Sooner or later, we all have to call a plumber and plumbers can be expensive -- there's just no way around that. However, there are a variety of ways to improve the value you get for your money. Many people make the mistake of shopping for plumbing primarily based on the plumber's hourly rate. This can be very misleading. It's far better to look at overall customer satisfaction, even if rates are higher than average.
Hourly rates can be misleading for two reasons. First, experienced plumbers usually charge more per hour. However, they have encountered many more kinds of plumbing problems and have had more time to discover the most cost-effective solutions. They are more likely to know the best solution and be able to implement the solution correctly on the first attempt. Saving $10 an hour on the hourly rate for a "solution" that has to be redone in two months is no bargain.
Second, the hourly rate may reflect reliability. If you take time off of work or alter your work schedule to meet a plumber who shows up late or not at all, it costs you. Even if you aren't docked pay for the lost time, you won't be improving your prospects for raises and promotions by sitting around your home waiting for a plumber. Plumbers who have scheduling and communication practices that don't leave you hanging are probably going to be worth the higher hourly rate.
Here are answers to some of the more common questions about plumbers:
Q: When I called a plumber, he said his hourly rate was $40 per hour. He was here only about 15 minutes but charged me for 45 minutes. Is this some sort of scam?
A: Plumbers spend a big part of their day driving from one job to another. Some way, they have to be compensated for this time. Some add a flat service charge to each bill. Some charge a premium for the first hour, and some charge from the moment that they leave their last job. The latter is probably the case in your situation. These various charging methods are another reason why comparing hourly rates can be a poor way to select plumbers. Always ask a plumber on the phone how his rates work. If it seems to be an unreasonable system for your situation, you may want to turn to another plumber.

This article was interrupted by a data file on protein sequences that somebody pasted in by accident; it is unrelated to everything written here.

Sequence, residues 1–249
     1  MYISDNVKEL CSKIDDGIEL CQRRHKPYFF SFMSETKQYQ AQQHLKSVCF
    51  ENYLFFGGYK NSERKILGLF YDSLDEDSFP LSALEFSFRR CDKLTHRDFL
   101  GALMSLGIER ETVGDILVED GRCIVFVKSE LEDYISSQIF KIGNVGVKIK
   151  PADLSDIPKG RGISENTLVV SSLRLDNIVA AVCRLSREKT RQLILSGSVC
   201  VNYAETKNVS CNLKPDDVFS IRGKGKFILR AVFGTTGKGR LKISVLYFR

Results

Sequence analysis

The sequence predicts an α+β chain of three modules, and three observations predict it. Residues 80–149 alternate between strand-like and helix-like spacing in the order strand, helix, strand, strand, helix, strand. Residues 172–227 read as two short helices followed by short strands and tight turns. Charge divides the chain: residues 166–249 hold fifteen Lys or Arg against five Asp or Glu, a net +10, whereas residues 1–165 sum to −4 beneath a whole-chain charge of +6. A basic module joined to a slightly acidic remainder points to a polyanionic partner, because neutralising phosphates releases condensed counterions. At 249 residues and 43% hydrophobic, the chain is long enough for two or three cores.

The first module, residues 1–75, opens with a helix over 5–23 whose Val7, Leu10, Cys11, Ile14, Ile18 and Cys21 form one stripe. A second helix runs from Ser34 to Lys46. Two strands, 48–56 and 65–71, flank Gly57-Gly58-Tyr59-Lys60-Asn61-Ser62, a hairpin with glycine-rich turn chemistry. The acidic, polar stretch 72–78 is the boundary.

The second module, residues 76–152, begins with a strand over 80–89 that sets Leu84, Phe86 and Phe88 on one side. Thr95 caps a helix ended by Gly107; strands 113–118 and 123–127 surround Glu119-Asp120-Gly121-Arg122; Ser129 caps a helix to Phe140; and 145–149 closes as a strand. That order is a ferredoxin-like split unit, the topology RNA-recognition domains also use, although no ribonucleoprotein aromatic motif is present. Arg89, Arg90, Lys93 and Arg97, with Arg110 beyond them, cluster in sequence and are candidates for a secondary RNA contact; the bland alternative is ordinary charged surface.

Q: The downstairs shower adjacent to my son's room has a problem drain. It seems like I have to have it professionally snaked every year or so, at $150 a pop. Isn't there a better way?
A: First, attack the cause. In a shower, it is most likely to be hair. A better strainer cover or drain insert may catch most of the hair, before it gets deep into the drain. Your son could just clean the strainer frequently and your annual drain-clearing might be completely eliminated.
Q: I have a stain on my rec-room ceiling under an upstairs bathroom. Is that something I should call a plumber for?
A: First, do a little research on your own. Most ceiling stains are caused by bad caulking or over-wet floors, not faulty plumbing. If there is a shower, make sure it is equipped with a curtain or door that completely covers the opening. If water splashes around one end of the opening, re-orient the showerhead or install one of the plastic water-deflecting devices available at most home centers. Talk to anyone who uses the shower and ask him or her to watch for excessive water on the floor. Next, check the caulking around the shower or bathtub. If you see mildew or a number of layers of caulk, it may be time to recaulk. Always remove all of the old caulk and clean all the surfaces before recaulking. If all this fails, call a plumber.
Q: My plumber said the new toilet I want costs $300 plus installation. I saw the same toilet at a home center store near me for $229. Is the plumber trying to rip me off?
A: Probably not. He typically buys his fixtures from a plumbing supply firm. The plumbing supply firm has a wholesale contractor's price and a higher list or retail price. The plumber buys the fixture at the wholesale price and sells it to you at the list price. The price difference pays for his time and trouble locating, purchasing and delivering the fixture. He also absorbs the costs associated with mistakes like buying the wrong style or color.
Home centers are selling more and more products that used to be available only at plumbing supply stores. Home-center chains buy fixtures in very large quantities and get sizeable discounts from manufacturers and distributors. They pass on some of those savings to you. In most cases, home center prices will be lower than list prices and, in some cases, even lower than the contractors prices at the plumbing supply stores.
You can often save money by buying fixtures yourself or by paying the plumber to buy them from the home center store. Be sure to make arrangements with the plumber before buying the fixtures. Otherwise you may buy a bargain that no plumber is willing to install.
David Hollies is a remodeling industry educator and consultant. He is also the founder of Washington D.C.-based Home Connections, Inc.
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